The Synoptic Gospels say that 15 Nisan, the day of Passover, ran from Thursday evening to Friday evening, and the following day was the Sabbath (running from Friday evening to Saturday evening). John appears to say that the Last Supper was held on 14 Nisan, which ran from Thursday evening to Friday evening, and then 15 Nisan ran from Friday evening to Saturday evening. According to this reading of the evidence in John, neither the Last Supper or the Crucifixion happened on the Passover, 15 Nisan. Instead they happened on the previous day, 14 Nisan, the day on which the Passover lambs were slaughtered in the afternoon. Both the Synoptic date and the Johannine date, then, would be rich with symbolism, but the character of the Last Supper is completely different if it was not the Passover meal.

Scholars and exegetes tend to deal with this in one of two ways. They may use harmonisation, that is, they may argue that the disagreement is only apparent and the four evangelists are actually in agreement that the date of the Last Supper and the Crucifixion was 15 Nisan which ran from Thursday evening to Friday evening in that year. Or they may accept the discrepancy, but argue that the nearness of Passover cast its influence over the occasion, and caused the Last Supper to take on some of the character of the Passover meal, even though it was not.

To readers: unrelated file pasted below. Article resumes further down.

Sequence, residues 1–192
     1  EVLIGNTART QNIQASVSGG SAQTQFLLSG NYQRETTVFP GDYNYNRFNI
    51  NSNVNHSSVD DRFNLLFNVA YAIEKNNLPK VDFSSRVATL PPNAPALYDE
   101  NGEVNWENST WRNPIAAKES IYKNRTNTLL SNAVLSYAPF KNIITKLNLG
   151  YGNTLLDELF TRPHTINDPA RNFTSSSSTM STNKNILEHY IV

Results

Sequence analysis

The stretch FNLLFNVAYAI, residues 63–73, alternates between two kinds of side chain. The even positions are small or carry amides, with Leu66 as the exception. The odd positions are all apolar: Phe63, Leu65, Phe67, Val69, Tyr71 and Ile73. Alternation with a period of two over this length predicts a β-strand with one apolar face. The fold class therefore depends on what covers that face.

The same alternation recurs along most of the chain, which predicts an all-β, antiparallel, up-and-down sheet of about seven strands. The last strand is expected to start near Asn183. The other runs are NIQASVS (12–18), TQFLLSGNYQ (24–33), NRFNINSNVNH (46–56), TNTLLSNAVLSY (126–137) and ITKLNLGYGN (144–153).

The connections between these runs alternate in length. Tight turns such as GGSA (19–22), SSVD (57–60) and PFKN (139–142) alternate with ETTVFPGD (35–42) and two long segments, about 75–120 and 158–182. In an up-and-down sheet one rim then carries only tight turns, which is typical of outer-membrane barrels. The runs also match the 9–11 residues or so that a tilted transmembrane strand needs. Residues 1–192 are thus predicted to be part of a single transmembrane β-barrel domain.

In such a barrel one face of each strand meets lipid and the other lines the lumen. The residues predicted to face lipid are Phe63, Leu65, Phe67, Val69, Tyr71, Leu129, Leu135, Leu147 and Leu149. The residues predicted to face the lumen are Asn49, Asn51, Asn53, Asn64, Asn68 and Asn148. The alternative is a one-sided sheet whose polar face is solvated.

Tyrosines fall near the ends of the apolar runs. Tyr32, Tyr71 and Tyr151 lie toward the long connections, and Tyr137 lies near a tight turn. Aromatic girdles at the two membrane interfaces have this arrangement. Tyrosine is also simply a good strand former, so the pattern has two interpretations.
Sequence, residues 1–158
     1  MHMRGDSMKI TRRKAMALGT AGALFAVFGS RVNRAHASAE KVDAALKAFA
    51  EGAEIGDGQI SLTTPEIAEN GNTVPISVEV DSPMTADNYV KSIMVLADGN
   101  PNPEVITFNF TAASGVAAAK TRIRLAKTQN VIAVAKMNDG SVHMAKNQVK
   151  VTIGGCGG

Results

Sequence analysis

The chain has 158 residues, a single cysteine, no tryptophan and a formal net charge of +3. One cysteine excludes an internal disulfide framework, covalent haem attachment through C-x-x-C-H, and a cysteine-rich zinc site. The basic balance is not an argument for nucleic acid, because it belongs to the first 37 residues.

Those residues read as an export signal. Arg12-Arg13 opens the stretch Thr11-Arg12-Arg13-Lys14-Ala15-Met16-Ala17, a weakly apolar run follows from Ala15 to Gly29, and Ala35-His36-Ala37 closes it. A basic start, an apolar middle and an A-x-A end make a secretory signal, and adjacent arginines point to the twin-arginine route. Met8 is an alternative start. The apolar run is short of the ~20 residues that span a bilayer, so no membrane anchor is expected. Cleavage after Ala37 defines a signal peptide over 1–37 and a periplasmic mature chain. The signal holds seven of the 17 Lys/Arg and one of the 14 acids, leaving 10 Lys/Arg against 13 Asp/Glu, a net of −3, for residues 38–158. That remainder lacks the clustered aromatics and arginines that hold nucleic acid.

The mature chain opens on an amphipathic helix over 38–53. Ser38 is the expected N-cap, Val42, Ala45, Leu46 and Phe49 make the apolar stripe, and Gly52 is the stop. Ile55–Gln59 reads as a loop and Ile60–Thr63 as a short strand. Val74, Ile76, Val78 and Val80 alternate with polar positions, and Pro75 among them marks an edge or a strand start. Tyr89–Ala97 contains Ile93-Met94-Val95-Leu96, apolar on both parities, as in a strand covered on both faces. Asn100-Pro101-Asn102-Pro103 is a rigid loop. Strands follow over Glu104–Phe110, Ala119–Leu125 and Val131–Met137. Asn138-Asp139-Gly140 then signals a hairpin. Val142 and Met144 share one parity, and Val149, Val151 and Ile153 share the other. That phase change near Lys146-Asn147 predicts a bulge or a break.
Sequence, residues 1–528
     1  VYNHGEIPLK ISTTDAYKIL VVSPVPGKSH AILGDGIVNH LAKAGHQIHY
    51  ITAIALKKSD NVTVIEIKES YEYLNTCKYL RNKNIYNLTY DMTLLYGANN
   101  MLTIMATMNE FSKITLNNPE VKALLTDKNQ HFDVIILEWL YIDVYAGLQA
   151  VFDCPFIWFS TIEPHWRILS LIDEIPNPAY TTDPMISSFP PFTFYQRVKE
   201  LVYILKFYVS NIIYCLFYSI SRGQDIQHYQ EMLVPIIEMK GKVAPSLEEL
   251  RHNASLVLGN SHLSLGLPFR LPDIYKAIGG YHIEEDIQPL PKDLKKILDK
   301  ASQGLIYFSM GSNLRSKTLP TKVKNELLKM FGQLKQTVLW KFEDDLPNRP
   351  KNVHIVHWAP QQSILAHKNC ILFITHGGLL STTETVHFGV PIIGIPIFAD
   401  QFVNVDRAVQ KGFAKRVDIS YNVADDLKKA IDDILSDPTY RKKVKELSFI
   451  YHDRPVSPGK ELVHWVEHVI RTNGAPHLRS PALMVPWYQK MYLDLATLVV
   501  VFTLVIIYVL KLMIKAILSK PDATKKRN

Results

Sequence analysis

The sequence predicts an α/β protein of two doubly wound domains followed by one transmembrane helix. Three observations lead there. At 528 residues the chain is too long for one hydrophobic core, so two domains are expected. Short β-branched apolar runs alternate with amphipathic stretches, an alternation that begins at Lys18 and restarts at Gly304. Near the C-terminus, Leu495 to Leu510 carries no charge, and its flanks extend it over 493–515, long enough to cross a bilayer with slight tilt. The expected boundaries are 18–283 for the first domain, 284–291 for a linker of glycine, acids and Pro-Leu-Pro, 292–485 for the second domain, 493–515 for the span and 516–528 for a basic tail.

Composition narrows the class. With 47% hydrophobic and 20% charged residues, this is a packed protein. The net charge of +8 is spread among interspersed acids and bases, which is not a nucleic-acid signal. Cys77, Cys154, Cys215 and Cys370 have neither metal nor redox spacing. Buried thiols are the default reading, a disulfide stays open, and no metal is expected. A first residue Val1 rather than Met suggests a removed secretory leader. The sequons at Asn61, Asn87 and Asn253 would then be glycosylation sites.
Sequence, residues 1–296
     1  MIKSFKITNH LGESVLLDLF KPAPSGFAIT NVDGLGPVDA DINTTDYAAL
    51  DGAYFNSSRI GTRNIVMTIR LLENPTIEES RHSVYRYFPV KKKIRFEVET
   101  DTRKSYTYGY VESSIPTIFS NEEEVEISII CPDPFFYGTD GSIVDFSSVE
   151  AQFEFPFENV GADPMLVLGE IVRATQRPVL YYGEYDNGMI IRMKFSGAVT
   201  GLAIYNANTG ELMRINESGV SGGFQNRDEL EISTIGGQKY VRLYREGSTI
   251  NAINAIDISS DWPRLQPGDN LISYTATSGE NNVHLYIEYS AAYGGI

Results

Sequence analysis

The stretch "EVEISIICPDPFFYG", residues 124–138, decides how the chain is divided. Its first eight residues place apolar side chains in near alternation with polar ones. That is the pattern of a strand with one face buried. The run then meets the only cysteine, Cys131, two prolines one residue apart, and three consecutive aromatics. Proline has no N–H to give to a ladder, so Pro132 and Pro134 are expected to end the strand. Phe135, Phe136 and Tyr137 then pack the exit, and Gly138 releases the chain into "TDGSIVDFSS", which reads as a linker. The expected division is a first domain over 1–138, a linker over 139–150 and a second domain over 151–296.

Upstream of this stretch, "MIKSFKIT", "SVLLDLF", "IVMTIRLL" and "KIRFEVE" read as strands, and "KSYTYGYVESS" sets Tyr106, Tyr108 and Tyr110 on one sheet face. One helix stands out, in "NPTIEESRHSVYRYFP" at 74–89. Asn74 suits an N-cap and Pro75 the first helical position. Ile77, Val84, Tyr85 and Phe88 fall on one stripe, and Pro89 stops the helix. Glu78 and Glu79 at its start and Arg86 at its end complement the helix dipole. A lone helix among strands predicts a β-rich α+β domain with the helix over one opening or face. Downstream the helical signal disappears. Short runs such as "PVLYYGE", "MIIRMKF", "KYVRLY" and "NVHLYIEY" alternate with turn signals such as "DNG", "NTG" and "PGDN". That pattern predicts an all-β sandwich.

But was it the intention of the Fourth Evangelist to assign a different date to the Last Supper and the Crucifixion than the Synoptic Gospels? That is the opinion of the majority of commentaries (Carson 1991 is the principal exception), but it is not clear to me that it is the right one. Carson 1991 pp 455-8, Smith 1991, and Köstenberger 2010 argue fully and, I think, convincingly that the chronology of all four Gospels is instead in harmony on this point, and that John agrees with the other three evangelists in making the Last Supper a Passover meal. It is important to note that John contains many details (for example. that the meal took place at night, that they prepared and ate the meal not in Bethany where they were staying, but in Jerusalem, and so on) suggesting that the meal was a seder. (See Smith 1991 pp 31-2, and Köstenberger 2010 pp 40-1 for discussions of this point)